Animation : Beginner by Sonibel Rae

Sonibel Rae


Hi, everybody. I was wondering if anyone with experience in Animation would be able to recommend any cheap animation software for beginner animators? Possibly something that is compatible on a Samsung tablet also? Comment if you guys have any suggestions, thank you.

Steve Payne

Hi Sonibel. If you wish to start in 3D animation, then I recommend DAZ 3D. It uses poser content which will give you a huge range of props, scenes and clothes to choose from. As soon as you are up to speed (perhaps in your 2nd year) then go to Carrara which is compatible but more reliable for larger scenes. Esp. when using the Octane plug in for rendering. The other alternative is Blender which is great, but there you've got to work harder to get content than going the DAZ/Carrara route.

Ginger Woods

Don't limit yourself to 3D animation! (I know that sounds backwards since it is newer technically), but I feel strongly that people should begin with understanding the traditional 2D animation style, otherwise if they choose to tinker in 3D, they may rely too heavily on the automation of the software and potentially miss out learning the basic principals and techniques of the masters. Here is a list of some of the current 2D animation programs out there, some of which may be free:

Joey Wolf

I use AnimeStudio Pro. I have Windows. But it makes nice 2D animation but you can utilise 3D space and add depth and move the virtual camera around to create movement.

Patrick Howard

Maya 3D and 3DsMax are the programs of choice in the industry, but beginners can 'cut their teeth' on open-source DAZ 3D - , or Blender - ( - Blender has some impressive abilities for a free platform, but it has a steep learning curve. - I recommend YouTubing Blender tutorials right from the start. - You will be making scenes and texturing them in no time. - When you are ready to invest, Maya 3D by autodesk is the most user friendly piece of software (in my opinion). There are many basics of animation that a beginner should familiarize themselves with: 12 principles of animation - This set of animation principles was created by the 'nine-old-men' of Disney. - The original successful animation artists. - I am studying animation at The University of Texas at Dallas. Finally, - don't try to do everything at once. - Start with some modeling practice. Get some ability in that before you try to texture and color your models. Then you can move on to 'rigging', then animating. To start your modeling - Here is a terminology tut. (DAZ 3D does the modeling,texturing,rigging for you. - It's a good way to get a project done without having to learn anything about the animation process or ANY skill-set. But the characters are also VERY recognizable. If you presented a DAZ 3D movie to a studio, they would tell you to take a hike. - I use some DAZ 3D props from time to time to save some time when I need a lamp or a table that is just for an indoor environment, or trees and bushes for an outdoor environment. But the items and characters that my story are centered on, I model them myself. - Or one of my team-members does it. - I urge you to learn to accomplish something in this field, rather than try to cheat... Anybody who can further your career will be able to tell the difference.) Good luck and I hope to see you in a studio soon. Patrick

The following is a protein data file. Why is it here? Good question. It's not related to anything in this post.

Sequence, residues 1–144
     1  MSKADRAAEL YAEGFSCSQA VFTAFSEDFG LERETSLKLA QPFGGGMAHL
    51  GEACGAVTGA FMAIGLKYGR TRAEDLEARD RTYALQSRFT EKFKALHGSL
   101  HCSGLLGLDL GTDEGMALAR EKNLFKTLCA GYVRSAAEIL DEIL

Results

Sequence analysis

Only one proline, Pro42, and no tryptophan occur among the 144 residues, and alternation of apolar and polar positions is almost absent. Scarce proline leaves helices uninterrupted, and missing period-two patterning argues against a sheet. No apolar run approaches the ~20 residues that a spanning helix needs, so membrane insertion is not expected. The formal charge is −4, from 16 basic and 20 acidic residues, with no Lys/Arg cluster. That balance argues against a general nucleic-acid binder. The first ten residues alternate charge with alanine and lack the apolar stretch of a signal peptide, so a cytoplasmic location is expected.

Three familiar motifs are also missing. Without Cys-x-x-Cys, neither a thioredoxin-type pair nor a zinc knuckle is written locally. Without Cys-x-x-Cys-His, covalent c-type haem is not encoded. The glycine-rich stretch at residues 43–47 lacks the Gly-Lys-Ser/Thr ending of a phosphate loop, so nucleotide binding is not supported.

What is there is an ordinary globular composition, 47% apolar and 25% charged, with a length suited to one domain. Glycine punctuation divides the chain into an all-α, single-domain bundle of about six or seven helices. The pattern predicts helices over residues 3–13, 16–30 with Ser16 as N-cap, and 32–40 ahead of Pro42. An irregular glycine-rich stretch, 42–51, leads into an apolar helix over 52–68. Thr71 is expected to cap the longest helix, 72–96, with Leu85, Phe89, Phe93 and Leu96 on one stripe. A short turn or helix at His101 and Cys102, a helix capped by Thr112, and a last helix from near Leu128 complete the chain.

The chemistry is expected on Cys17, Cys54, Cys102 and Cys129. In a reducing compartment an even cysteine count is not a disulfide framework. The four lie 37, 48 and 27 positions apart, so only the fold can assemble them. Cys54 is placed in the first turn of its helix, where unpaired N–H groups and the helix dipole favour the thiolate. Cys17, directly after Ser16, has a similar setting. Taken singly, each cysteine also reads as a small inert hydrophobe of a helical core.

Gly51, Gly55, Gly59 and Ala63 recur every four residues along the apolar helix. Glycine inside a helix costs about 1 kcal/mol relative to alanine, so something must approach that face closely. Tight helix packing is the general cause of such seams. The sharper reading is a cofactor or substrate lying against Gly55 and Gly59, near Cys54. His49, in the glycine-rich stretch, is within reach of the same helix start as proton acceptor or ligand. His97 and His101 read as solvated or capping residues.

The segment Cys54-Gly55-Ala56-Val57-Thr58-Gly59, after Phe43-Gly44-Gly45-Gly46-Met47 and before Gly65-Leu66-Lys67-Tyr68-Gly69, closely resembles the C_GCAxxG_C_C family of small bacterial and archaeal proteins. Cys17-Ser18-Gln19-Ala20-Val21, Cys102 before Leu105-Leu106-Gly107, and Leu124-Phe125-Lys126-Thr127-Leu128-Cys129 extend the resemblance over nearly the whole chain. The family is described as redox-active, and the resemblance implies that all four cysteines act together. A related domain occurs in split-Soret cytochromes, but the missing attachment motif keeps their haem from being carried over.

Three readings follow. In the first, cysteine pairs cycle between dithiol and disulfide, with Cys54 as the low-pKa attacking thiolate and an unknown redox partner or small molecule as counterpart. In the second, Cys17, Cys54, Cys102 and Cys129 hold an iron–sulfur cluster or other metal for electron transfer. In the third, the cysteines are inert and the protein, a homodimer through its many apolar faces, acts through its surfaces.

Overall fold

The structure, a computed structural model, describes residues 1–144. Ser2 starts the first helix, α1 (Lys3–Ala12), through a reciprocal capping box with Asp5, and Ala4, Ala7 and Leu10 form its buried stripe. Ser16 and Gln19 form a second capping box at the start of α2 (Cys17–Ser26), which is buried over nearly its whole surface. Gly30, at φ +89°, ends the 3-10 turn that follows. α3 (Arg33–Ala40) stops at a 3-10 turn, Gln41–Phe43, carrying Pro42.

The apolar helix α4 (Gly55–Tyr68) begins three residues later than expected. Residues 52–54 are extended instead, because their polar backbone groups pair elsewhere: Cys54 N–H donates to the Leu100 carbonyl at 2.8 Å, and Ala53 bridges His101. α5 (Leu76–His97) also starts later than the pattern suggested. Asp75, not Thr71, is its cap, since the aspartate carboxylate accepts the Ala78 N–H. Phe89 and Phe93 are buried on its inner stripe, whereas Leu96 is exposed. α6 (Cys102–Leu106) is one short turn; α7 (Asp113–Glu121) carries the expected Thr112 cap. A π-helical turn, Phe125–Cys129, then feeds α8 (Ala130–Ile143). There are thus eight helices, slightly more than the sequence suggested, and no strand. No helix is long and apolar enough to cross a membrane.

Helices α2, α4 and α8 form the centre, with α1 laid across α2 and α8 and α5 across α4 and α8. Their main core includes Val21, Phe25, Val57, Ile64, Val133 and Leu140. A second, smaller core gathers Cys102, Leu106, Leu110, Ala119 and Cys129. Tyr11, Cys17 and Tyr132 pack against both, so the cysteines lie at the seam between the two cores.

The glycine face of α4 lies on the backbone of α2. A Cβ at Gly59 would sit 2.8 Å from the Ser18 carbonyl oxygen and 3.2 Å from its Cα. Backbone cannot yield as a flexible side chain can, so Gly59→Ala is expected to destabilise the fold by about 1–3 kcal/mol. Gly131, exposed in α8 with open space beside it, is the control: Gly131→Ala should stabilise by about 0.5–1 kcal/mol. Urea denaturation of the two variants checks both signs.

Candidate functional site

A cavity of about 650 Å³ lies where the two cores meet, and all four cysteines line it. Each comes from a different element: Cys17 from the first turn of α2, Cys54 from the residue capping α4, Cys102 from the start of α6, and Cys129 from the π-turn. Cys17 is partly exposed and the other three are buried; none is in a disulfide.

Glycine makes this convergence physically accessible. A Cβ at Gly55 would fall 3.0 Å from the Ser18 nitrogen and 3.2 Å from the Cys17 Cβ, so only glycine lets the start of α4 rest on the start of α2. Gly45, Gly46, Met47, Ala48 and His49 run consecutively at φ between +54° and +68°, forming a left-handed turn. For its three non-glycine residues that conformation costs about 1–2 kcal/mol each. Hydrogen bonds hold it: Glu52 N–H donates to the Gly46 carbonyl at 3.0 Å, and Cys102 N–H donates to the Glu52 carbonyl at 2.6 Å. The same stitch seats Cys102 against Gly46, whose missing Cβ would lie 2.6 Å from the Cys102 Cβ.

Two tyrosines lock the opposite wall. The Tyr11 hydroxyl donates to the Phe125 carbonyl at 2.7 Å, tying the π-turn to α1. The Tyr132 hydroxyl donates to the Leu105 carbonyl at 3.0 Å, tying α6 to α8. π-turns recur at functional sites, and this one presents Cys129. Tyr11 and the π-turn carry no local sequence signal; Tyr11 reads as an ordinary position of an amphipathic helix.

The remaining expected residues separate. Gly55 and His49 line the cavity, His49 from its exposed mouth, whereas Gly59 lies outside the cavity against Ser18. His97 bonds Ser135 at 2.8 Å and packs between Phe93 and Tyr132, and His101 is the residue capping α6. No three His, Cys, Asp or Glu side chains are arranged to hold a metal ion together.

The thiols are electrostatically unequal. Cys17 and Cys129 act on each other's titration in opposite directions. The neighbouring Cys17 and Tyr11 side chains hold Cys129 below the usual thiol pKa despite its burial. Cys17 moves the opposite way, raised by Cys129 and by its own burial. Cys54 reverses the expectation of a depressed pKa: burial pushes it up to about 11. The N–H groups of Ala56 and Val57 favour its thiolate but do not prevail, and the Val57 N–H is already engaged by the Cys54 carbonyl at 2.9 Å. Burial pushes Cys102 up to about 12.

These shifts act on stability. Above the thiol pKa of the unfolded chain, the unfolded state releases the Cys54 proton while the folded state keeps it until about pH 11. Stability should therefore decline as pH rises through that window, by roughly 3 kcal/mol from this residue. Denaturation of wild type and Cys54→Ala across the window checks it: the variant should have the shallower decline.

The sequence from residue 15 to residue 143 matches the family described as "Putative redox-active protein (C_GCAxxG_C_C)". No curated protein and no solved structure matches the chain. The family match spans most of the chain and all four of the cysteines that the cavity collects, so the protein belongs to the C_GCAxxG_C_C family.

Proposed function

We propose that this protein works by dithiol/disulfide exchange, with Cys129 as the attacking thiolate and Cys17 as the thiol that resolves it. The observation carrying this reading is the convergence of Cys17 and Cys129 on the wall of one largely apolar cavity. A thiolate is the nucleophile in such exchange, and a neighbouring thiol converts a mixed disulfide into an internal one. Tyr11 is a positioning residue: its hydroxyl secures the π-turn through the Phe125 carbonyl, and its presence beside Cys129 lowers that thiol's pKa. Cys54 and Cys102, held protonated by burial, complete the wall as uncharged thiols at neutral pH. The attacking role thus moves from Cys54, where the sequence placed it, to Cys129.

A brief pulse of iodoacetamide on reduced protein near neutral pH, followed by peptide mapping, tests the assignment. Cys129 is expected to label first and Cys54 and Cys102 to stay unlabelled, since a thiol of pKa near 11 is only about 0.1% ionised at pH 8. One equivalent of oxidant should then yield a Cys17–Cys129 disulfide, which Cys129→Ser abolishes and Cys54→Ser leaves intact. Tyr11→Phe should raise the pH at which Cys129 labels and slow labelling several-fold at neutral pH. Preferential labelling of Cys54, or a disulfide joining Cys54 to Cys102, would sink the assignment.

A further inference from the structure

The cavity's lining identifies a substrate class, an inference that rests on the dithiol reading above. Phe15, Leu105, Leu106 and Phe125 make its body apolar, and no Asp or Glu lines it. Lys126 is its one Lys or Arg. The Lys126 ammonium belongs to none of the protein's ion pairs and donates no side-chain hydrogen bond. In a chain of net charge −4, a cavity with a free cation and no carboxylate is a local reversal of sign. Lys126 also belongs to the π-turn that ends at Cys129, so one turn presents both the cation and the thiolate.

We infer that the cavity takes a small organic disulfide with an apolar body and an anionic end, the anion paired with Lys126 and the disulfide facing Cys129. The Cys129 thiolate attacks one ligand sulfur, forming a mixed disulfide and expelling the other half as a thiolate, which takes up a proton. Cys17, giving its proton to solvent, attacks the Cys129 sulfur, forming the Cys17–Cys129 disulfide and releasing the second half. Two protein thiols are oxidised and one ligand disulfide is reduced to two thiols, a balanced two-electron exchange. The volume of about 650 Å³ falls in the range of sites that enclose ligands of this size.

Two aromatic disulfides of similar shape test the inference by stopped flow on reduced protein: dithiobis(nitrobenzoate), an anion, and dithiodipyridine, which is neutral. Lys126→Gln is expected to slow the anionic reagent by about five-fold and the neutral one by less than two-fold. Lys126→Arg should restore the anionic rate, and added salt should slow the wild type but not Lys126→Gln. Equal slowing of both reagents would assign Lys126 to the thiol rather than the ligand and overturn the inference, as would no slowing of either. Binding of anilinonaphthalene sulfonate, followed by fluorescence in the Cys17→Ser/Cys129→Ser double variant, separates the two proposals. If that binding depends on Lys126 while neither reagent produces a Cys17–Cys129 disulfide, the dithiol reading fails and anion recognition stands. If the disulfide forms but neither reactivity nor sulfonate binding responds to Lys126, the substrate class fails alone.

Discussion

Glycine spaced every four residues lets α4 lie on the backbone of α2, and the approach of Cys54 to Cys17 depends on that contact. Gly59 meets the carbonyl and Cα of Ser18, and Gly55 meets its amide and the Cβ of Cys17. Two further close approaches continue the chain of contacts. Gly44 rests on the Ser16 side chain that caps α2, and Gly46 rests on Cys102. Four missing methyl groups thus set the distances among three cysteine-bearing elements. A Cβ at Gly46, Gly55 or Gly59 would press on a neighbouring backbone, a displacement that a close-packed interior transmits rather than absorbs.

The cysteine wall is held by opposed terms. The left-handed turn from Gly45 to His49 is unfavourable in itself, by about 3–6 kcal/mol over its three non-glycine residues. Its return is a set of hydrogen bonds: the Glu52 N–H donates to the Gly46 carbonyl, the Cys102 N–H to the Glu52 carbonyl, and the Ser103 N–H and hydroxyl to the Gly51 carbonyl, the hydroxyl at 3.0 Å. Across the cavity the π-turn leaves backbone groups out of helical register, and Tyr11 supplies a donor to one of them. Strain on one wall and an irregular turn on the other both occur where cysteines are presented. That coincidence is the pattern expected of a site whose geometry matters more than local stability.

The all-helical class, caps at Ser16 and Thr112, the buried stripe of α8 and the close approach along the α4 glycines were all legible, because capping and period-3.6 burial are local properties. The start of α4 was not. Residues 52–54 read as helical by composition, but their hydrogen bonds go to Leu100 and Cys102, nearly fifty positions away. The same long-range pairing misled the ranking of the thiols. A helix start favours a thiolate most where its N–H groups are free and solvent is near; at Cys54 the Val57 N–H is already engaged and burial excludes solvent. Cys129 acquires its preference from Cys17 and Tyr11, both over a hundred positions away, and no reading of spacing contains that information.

Steve Payne

@Patrick - Some great advice in there. Nice one man. I agree that if you can put in the time to use something like Maya or 3DsMax (and can afford it) then you are on a level playing field to those people that want to make a living in animation. I also agree that the DAZ (Poser) characters are recognizable so that puts you in a certain pigeon hole, but I would argue that most of these DAZ animators never get past the "easy" options. Most of them never take the time out learn lighting and so the whole thing looks stereo typed. However the tools are changing. Firstly both DAZ and Blender offer built-in unbiased render engines. Check out the home page of DAZ and you'll see the gap is narrowing even if you use the stock figures. Secondly thanks to plug ins like Octane, totally professional results are achievable imho. For a screenwriter animating your movie script is an extra dimension to getting it noticed / getting it made in one form or another. I'm hoping this gamble pays off as this is the path I'm treading. :)

Laurie Ashbourne

Hi Sonibel, Check out veteran animator, Aaron Blaise's website: He has very in-depth video tutorials that are in-expensive plus he often has them on sale. As for software, it depends if you are looking for modeling or the core basics of 2D animation, for 2D toon boom is probably cheaper but if you can afford it tv paint is better both have free trial versions.

Janet Clarke

Hi Sonibel - I'm afraid that I'd probably recommend a Surface 3 tablet (with 4GB) over the Samsung - simply because it has more robust animation software options...!

Other topics in Animation:

register for stage 32 Register / Log In